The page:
Flashing and plunging are terms that could conjure up many images - every industrial process has its terminology and compression molding is no exception. It was invented way back in 1907 by Leo Baekeland, who gave his name to ‘Bakelite’ which used one of the first synthetic resins based on a phenol-formaldehyde. As with so many modern industrial processes, its refinement and usage was driven initially by the automobile industry – particularly tire production.
How does it work?
Simplicity is the key - the mold and process are much simpler than those of injection molding. Tooling is straightforward – there are three main variations, but the basis is that a female mold (or platen) and a male mold plunger (usually hydraulic) come together with a pre-heated, partially-cured and carefully measured quantity of thermoplastic material between them.
The molding compound may be in granular or putty-like form and consistency – and even preformed (for example in a sheet). Pressures used may be several hundred tons, and water cooling may be employed before the mold is opened. Once the cure-time is reached then the mold is opened and the component is ejected.
There may be some excess material (which is known as flashing) to be removed, but there are fewer knit-lines (mold seams) than with other processes. Product quality consistency is sometimes cited as a problem with the process but this usually relates to low cost consumer products where investment in tooling has to be lower than for, say, production of parts for aerospace applications.
Modern tooling, materials and process refinement has enabled reinforcing of the thermoplastic. Widely used reinforcing materials are carbon fiber (light weight, high strength, low flex tolerance), aramid fibers such as Kevlar, a trademark of DuPont Corporation (high flexibility, low abrasion tolerance) and glass fibers (which offer high strength and moderate flexibility but are relatively heavy).
The specific technologies are know as long-fiber reinforced thermoplastics (LFT) and glass-fiber mat-reinforced thermoplastics (GMT).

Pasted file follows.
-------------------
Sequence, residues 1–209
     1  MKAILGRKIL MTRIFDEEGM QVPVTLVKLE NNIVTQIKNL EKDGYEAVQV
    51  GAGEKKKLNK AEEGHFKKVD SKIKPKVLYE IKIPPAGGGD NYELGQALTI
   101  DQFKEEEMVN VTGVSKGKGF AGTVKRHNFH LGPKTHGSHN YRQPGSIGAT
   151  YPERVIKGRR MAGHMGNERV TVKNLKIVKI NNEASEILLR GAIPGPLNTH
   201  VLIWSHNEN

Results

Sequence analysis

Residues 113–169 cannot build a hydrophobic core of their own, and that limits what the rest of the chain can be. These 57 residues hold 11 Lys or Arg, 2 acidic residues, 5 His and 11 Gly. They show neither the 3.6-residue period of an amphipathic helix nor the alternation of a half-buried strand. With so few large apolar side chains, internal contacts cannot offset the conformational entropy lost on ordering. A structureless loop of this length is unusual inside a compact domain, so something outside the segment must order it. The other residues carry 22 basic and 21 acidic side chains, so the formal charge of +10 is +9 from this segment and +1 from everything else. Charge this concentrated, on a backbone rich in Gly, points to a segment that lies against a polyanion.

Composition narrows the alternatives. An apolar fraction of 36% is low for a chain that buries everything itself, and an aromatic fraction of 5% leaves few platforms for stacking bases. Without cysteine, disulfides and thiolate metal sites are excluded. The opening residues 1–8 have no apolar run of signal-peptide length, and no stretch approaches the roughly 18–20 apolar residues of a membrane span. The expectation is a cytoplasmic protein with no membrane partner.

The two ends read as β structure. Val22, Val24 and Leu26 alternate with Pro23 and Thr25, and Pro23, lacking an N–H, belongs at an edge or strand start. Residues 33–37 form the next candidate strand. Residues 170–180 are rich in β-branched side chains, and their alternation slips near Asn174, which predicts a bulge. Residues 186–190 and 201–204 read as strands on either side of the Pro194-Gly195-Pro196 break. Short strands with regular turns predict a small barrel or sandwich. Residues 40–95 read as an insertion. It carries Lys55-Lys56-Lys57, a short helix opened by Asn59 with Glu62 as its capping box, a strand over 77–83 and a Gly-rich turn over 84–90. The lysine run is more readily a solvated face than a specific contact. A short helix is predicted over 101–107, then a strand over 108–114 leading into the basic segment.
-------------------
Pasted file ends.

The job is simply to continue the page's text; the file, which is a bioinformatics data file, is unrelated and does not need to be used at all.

The modern automobile includes many compression-molded components from Kevlar-reinforced tires to glass-fiber reinforced fenders and dashboard panels.
Consumer products such as component cases, protective foam inserts, radio and TV casings and even gumboots are typical applications of the process. Sports applications include oar blades, bicycle components, skis and even small boats.
There are many medical applications, including hi-tech joints for prosthetics and internal joint replacement structures (using UHMWpe – ultra high molecular weight polyethylene).
Industrial applications are widespread, from farm machinery to conveyor systems and production-line machinery components. In the Aerospace and Defense sector, compression molding delivers products such as helicopter rotor components, jet engine cowlings and wing components.
In fact, there are very few areas of modern manufacturing where compression molding does not play an important part.
Advantages of Compression Molding
The process is now a very widely used manufacturing technique because it is:
- cost efficient
- suitable for high volume production
- capable of producing large components
- efficient in material usage – wastage is minimal
- physically quick and efficient with a low number of process steps
- capable of producing detail features such as holes – which with
- other molding techniques would need additional machining to deliver.
With its ability efficiently to deliver high volumes of components economically, there would seem to be an assured future for the process. As always, the auto industry is a powerful innovator. With the drive towards more fuel-efficient autos, hybrid power technology and lower production costs, then we are likely to see some significant developments and new ways of using the technique. Add to that the almost daily development of exotic materials – both the base resins or plastics and the reinforcement materials – and the increased refinement of the press machinery and processes, then the future is surely one of continued growth.